As you can see, there are options.

I know there will be instances when I will need to buy a plastic water bottle. There is nothing worse than being sick, even more so when you are in a foreign land and can’t speak the language. If I have to choose between myself and a plastic bottle, I will ultimately pick what is best for my health. Until I am faced with that decision I will do the best I can. I have seen what a country looks like with consumption of plastic being tossed aside and forgotten. I don’t want to leave my waste behind for them to deal with. I want to explore this country with purpose and tread lightly.

Have you used any of the above methods for dodging plastic consumption while travelling or use for other reasons? I would love to hear your thoughts in the comments below.

If you want to help get clean water to Myanmar check this article here and here (I know the last link are a company that produces plastic products, but hey, they are trying to help).

7 comments

  1. When longing for the most effective bottle, there area unit some vital factors that require to be taken into thought. These embody considerations matters relating to chemicals, movableness, durability, and insulation. http://survival-mastery.com/reviews/best-water-bottle.html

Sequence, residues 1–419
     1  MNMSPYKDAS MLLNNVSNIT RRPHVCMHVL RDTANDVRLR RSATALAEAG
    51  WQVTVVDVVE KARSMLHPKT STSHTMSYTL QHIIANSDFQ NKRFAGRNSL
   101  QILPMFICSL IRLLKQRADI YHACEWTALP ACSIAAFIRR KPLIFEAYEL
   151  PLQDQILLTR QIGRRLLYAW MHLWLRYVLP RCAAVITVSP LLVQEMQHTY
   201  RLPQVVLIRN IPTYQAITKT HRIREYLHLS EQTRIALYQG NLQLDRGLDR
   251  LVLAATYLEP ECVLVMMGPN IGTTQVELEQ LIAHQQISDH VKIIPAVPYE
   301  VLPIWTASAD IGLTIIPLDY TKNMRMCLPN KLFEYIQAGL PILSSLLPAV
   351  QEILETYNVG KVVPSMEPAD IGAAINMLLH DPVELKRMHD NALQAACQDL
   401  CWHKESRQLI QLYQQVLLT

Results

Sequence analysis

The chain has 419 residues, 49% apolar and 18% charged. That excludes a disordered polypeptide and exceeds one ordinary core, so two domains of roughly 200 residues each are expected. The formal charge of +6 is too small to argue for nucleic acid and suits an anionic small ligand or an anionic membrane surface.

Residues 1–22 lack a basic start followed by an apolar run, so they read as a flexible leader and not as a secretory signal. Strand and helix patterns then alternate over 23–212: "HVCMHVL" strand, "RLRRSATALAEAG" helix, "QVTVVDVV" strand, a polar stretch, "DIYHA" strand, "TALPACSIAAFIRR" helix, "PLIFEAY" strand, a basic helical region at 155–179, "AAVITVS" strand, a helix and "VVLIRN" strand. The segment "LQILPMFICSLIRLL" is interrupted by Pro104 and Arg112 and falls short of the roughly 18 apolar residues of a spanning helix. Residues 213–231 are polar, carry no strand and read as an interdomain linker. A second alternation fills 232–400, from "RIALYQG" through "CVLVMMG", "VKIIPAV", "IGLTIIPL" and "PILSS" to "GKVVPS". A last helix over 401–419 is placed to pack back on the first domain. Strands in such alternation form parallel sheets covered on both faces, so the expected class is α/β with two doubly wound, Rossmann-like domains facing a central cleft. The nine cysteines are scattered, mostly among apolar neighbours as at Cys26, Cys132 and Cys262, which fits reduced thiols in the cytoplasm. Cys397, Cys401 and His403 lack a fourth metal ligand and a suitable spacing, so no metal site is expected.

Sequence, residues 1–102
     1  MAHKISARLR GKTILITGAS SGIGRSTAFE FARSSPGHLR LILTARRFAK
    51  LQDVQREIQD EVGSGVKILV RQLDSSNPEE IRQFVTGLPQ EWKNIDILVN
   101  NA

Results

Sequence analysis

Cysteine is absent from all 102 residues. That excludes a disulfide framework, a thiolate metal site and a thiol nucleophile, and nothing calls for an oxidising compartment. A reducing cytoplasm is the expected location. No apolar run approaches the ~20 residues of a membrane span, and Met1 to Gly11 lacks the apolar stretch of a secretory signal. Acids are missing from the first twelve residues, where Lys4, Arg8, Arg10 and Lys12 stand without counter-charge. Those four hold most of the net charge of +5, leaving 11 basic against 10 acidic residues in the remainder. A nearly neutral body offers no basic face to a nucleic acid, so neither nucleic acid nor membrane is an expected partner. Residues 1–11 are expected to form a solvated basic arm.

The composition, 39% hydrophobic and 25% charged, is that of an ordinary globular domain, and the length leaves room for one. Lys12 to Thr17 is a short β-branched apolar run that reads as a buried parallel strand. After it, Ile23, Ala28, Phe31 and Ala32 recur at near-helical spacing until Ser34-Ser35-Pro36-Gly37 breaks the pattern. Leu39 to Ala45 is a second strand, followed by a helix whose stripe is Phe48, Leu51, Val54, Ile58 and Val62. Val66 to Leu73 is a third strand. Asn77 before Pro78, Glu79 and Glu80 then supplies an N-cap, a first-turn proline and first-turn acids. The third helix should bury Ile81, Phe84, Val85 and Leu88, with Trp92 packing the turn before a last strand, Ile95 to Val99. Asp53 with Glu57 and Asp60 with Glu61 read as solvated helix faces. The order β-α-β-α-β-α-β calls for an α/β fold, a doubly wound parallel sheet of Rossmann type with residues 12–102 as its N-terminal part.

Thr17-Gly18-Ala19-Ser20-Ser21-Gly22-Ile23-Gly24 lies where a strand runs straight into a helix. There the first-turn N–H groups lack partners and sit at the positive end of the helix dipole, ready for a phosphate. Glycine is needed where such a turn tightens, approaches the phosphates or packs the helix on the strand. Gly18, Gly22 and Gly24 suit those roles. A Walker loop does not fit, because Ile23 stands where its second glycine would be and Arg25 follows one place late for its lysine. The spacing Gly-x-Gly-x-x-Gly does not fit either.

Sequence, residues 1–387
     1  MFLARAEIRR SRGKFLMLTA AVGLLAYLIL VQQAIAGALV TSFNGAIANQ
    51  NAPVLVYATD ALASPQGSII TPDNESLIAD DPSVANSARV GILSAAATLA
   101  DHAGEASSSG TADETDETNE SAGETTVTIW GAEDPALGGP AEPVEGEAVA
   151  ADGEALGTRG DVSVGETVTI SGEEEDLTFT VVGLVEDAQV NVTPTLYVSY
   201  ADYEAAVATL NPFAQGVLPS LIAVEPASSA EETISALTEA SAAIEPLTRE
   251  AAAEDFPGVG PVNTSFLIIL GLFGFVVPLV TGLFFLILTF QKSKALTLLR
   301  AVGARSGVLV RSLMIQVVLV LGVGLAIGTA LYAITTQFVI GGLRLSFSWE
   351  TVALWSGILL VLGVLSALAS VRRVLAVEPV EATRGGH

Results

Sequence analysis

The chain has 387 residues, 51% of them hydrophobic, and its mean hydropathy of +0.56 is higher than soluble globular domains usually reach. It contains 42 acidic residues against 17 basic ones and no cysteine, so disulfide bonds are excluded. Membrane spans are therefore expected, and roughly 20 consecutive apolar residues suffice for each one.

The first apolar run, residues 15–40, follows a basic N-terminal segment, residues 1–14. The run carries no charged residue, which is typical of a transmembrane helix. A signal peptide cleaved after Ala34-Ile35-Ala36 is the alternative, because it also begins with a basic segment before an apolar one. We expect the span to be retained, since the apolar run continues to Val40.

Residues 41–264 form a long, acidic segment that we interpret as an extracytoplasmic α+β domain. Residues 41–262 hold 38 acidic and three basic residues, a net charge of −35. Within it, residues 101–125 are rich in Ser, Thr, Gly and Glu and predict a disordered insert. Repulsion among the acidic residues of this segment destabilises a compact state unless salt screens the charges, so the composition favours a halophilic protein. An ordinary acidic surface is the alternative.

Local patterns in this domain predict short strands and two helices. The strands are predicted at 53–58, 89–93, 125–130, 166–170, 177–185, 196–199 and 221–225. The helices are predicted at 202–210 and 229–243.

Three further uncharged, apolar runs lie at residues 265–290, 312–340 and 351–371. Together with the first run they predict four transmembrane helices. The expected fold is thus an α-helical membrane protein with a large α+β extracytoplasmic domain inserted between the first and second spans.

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    1. Thanks for the comment Gilvert

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  2. I am in Thailand currently for 3 months where my partner and I use Sawyer Mini filters and reusable bottles. The filters come with attached straw to fit in any glass. their lifespan is longer than lifestraw and they also come with a squeeze bag filtration system for when you want clean water for other purposes.

    We can fill our reusable bottles from any hose on the side of the road, and stick the straws inside! It will not filter viruses though, so do be practical haha. And bring a thermos that is a nice size for your filter.